[Yei, South Sudan, TCT] South Sudan Education stakeholders are encouraged to heavily invest in girls’ education, as Yei Girls Boarding Senior Secondary School emerged the best school in the state, earning top scores at the 2015 South Sudan Certficates of Secondary Exams in Yei River state.
The performance of Yei Girls Boarding secondary school, “sends a very strong signal to parents who undermine young girls’ education”, said Jacob Aligo Lo-Ladu, acting Minister of Education, Gender, Child and Social Welfare.
“When we invest in girls’ education, it is the same as investing in our boys,” said Aligo, while calling for equal treatment of boys and girls in education matters. He congratulated Yei Girls Boarding Secondary School, which emerged as the best school in the state.
The results indicated that, out of 2,796 candidates who took the exam in the last year, 1,848 passed (66%) while 948 failed (44%). Of those who passed, 1,955 were boys (70%) and 841 were girls (30%).
Yei Girls Boarding secondary school had 69 candidates who sat– they all passed and got 100% while number ten is Ebenezer secondary school, they had 75 candidates who sat, 64 passed constituting 85.3%.
The top 10 performing schools were: Yei Girls Boarding, the only government boarding school for girls in Yei, followed by Kajokeji High School, Kajokeji Secondary, Amoju Girls, St Paul, Comboni comprehensive, EPC Nehemiah orphanage, Loka, Rash, Lire and Ebenezer secondary schools.
“When we invest in girls’ education, it is the same as when we are investing in our boys”, said Aligo during the declaration at the State Secretariat, calling for equal treatment of boys’ and girls’ in educational matters.
Betty Minala, acting Head Girl of Yei Girls Boarding Secondary school, said the results give hope for more girls to get an education.
“I’m very happy with these results”, said Minala, adding “despite the fact that there was alot of insecurity, the students did not give up until they achieved what they wanted”.
Minala said the results remind education stakeholders to now refocus efforts to bring more girls to school and end the misconception that boys perform better than girls.
“I also want to urge our parents to continue supporting young girls’ education. This time girls can do better than boys. It is high time we take the children to school because they will be the future of this nation” she said.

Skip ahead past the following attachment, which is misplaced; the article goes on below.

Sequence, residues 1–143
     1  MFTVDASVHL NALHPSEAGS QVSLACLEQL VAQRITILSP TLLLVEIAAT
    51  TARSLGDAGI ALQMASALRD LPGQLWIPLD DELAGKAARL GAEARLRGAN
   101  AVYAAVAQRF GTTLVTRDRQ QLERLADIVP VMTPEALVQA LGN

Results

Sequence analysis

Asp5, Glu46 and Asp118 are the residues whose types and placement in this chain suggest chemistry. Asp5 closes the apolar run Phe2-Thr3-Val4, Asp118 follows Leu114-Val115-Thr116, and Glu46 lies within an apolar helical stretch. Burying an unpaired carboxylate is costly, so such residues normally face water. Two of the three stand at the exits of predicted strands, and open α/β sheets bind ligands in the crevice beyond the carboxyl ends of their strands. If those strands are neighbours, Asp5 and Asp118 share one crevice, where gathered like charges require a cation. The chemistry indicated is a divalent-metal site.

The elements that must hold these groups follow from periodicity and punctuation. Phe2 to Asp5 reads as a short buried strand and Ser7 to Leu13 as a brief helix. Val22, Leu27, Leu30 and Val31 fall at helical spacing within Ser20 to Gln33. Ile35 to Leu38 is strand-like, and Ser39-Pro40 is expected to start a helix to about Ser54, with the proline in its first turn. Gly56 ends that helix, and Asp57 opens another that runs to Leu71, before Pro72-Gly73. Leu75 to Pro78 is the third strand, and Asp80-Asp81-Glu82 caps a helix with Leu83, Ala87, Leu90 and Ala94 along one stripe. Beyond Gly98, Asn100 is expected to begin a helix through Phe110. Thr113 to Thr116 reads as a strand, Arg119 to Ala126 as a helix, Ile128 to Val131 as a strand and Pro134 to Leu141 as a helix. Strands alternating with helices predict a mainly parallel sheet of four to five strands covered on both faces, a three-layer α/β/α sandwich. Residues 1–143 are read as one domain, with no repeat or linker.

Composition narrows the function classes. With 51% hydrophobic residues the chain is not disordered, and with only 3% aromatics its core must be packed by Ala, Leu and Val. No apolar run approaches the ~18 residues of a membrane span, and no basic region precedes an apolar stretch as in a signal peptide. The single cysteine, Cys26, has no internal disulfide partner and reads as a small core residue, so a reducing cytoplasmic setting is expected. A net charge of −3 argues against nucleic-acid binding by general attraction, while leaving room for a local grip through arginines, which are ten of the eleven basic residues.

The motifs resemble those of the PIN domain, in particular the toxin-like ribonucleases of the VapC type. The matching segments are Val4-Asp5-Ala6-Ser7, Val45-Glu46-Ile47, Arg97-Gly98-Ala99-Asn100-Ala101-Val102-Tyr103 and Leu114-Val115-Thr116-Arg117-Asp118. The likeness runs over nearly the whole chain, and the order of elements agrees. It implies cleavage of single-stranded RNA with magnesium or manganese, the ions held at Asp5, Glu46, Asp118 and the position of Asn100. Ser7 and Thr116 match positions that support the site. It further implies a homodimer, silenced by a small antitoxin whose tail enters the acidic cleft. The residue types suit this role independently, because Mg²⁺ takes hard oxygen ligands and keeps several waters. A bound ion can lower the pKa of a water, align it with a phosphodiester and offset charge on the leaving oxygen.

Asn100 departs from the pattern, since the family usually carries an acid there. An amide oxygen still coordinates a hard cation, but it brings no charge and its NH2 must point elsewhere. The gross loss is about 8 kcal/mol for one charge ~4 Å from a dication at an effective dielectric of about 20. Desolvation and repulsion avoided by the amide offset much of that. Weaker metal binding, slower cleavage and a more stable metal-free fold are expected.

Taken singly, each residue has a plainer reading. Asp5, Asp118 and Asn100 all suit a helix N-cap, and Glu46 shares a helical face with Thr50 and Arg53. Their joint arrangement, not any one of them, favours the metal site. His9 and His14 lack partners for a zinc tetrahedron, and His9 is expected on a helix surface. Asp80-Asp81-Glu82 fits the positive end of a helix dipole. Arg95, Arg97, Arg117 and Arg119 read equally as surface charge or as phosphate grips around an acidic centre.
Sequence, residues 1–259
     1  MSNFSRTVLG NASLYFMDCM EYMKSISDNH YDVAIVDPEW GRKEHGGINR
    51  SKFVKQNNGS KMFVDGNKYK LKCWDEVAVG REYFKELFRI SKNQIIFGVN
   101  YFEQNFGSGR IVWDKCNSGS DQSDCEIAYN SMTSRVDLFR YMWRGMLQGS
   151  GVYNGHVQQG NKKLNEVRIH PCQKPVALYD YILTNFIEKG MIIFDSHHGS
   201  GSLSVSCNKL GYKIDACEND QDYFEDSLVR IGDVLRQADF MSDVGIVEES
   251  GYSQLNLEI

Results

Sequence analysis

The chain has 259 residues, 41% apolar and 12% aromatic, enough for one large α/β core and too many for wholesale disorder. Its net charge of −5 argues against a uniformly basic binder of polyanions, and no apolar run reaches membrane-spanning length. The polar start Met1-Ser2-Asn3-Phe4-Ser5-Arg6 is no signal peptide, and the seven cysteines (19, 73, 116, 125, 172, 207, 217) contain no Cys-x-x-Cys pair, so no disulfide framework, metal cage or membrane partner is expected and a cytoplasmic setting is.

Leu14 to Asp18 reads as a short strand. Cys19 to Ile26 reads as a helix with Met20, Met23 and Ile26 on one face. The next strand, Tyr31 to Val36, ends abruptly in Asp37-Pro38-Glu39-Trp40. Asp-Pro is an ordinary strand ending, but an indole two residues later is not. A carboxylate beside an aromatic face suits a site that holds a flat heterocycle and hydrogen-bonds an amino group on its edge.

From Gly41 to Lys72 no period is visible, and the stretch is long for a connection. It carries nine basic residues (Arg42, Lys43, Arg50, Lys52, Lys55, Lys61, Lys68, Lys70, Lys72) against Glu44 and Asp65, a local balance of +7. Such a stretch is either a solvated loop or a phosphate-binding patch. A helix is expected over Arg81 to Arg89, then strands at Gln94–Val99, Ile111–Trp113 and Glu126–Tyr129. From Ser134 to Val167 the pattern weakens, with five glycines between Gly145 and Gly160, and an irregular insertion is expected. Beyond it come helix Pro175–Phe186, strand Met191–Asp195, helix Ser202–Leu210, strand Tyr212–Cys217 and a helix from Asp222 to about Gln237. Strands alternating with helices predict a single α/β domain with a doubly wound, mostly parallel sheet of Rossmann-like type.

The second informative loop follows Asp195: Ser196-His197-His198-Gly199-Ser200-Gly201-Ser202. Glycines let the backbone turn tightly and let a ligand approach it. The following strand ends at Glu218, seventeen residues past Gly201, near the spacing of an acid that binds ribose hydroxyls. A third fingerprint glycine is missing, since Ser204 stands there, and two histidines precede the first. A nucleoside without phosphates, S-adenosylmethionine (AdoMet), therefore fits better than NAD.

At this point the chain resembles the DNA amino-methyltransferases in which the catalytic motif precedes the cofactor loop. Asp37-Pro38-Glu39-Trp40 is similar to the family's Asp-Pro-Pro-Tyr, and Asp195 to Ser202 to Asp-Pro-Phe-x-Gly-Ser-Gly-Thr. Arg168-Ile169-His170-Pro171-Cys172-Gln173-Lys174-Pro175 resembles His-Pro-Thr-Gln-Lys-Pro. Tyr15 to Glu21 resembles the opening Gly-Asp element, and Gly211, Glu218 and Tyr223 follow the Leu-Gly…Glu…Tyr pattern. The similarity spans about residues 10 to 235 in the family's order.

Yei State Ministry of Education official, Philip Taban said “the result is encouraging”, lauding parents for timely payment of school fees and teachers for their continued sacrifice while receiving low salaries.
He also said the financial support through the Girls Program greatly encourages the girls to learn and brings back those girls who dropped out.
Results from specific subject tests indicated that students performed best in geography, followed by history while English language had the lowest scores. The results further demonstrated that, out of 1,865 students who took the exams in private schools, 1,188 candidates passed (or 63.3%) while, out of 931 candidates who took the exams in public (government) schools, 653 passed (or 70.1%). As shown by these numbers, many schools in Yei state are privately owned while few government schools exist.
Amidst ongoing war in 2015, students managed to take the exams under the defunct Central Equatoria – which was divided into three more states. Education stakeholders said that insecurity due to war and domestic work overloading of girls at home affected the students’ performance.
For a better performance to be achieved, leaders should encourage peace in the country”, said Fikra Sarah, student of Excel international academy, whose school has not been named in the top ten.
“This is our hope that we may have peace in the country so that we shall do better. …so that we continue to have the love for education and be excellent in our country”, said Fikra, who acts as Assistant Head Girl of the school.
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